Maintaining a Healthy and Safe Exercise Routine During Pregnancy

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Exercising may seem like a challenge when you are pregnant. However, it doesn’t have to be. Exercise is extremely important during your pregnancy and following a healthy routine will allow you to feel comfortable while working out. Here is what you should keep in mind while participating in physical activity:

  1. Don’t hold your breath: If while working out you begin holding your breath or are breathing incorrectly, stop right away. Your blood pressure increases when you breathe incorrectly and this decreases blood flow to your baby. You should be able to hold a conversation during your entire workout, so don’t overdo it. Furthermore, expecting mothers should be aware of their limits and consult with their doctor before beginning any exercise routine. Unless you are advised not to participate in physical activity, the American College of Obstetrics and Gynecology recommends at least 30 minutes of moderate exercise each day.  
  2. Eat more calories: You will need to gain weight depending on how much you weigh prior to your pregnancy. If you contain a healthy body mass index (between 18.5 and 24.9), you will need to intake at least 300 more calories per day. Also, when you exercise you burn calories, some of which need to be replaced to maintain good health and energy levels.
  3. Hydrate: Drink a lot of fluids before, during and after your workout- dehydration can cause contractions and raise your body temp which can become dangerous for you and your baby. To ensure you are staying hydrated, drink one cup (8ounces) pre-workout, one cup for every 20 minutes of exercise, and a cup post-workout. More liquids are needed while exercising in hot weather.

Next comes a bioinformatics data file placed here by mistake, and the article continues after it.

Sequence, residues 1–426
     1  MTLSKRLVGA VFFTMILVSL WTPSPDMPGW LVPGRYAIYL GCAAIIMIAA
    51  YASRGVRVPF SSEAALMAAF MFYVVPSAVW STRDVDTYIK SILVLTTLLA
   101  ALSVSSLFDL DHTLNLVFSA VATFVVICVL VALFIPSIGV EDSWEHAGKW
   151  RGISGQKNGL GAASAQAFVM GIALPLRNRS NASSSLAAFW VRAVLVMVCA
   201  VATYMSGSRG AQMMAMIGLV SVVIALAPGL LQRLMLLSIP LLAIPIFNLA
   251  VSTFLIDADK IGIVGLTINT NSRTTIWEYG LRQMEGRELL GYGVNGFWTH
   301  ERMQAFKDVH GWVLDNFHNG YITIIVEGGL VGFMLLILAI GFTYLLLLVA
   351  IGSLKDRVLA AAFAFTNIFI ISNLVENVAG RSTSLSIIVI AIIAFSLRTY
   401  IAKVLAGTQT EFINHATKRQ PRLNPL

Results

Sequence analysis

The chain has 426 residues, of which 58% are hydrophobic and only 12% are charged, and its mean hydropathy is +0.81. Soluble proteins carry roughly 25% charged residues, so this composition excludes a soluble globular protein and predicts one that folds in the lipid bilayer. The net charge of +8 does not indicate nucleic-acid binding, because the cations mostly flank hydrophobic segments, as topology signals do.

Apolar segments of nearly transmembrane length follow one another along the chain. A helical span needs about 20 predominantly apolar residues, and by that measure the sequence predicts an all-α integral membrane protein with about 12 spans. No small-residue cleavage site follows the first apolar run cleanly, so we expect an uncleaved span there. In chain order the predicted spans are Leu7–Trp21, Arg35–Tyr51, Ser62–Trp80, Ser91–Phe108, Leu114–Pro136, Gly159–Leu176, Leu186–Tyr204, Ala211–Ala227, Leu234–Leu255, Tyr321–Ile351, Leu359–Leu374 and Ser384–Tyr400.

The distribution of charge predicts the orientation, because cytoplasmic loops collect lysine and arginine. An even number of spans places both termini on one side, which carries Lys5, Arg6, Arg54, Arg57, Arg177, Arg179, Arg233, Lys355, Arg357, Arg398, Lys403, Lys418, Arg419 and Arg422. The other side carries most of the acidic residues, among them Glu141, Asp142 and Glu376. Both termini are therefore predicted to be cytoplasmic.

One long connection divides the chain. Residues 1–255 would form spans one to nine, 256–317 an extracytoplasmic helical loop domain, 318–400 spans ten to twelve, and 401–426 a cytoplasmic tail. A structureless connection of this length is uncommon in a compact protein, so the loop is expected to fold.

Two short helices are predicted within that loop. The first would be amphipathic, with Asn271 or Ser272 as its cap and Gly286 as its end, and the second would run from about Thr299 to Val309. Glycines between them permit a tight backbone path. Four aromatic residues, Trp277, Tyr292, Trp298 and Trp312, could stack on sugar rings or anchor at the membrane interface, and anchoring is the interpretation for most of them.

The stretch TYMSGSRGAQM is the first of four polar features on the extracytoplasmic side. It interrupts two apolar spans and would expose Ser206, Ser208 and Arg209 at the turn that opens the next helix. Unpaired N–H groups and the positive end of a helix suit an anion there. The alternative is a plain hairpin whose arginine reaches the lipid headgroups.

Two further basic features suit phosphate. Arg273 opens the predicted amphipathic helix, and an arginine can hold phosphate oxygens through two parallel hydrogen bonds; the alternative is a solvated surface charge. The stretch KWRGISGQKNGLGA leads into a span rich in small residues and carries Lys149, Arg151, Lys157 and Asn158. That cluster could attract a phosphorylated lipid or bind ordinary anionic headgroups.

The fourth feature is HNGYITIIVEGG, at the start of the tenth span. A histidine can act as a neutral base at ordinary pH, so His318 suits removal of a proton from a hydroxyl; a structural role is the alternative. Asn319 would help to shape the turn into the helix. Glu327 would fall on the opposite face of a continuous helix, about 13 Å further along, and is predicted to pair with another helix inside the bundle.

4. Do not participate in dangerous sports: This one is obvious but it’s worth calling out just in case anyone is planning to ski, play soccer, basketball, etc. You are more likely to fall during your pregnancy and your susceptibility to sprains or other injuries increases. This is due to the increased levels of the hormone relaxin, which not only relaxes the pelvic joints but loosens all joints and ligaments as well.
  5. Warm up: Warm up your muscles and slowly increase your heart rate. Skipping the warm-up can increase the chances of injury and post-workout aches.
  6. Don’t lie flat on your back: Especially after the first trimester, lying flat on your back puts pressure on the vena cava which is the major vein that supports blood flow to your heart, brain and uterus. When pressure is added to this vein, blood flow to these organs is reduced and consequently can cause shortness of breath, and/or make you feel dizzy or nauseated. To help prevent this problem, you can put a pillow under your right hip or buttock.
  7. Keep moving: Standing in one place or holding one position for a long period of time can cause blood to pool in your legs and decrease blood flow to the uterus, causing you to feel dizzy.
  8. Don’t get overheated: When your baby’s major organs are developing during the first trimester, be especially cautious not to let yourself get too hot. Reaching a core temperature above 102 degrees Fahrenheit for more than 10 minutes could potentially harm your baby. Also, you will already be feeling hotter when you’re pregnant due to the increased blood flow and higher metabolic rate. Therefore, be aware of how you feel while exercising. Every person is different, but if you are sweating a lot, feel very warm, short of breath, dizzy, or nauseated stop your activity immediately and seek a cooler environment. Find a fan, air conditioned room, or take a cool shower and remember to stay hydrated.
  9. Cool down: Take 5-10 minutes to do some stretching in order to prevent sore muscles and to allow your heart rate to return to its normal pace.
  10. Exercise regularly: It is easier to maintain a routine than it is to start and stop exercising irregularly.
Pregnancy Tips Prenatal Fitness

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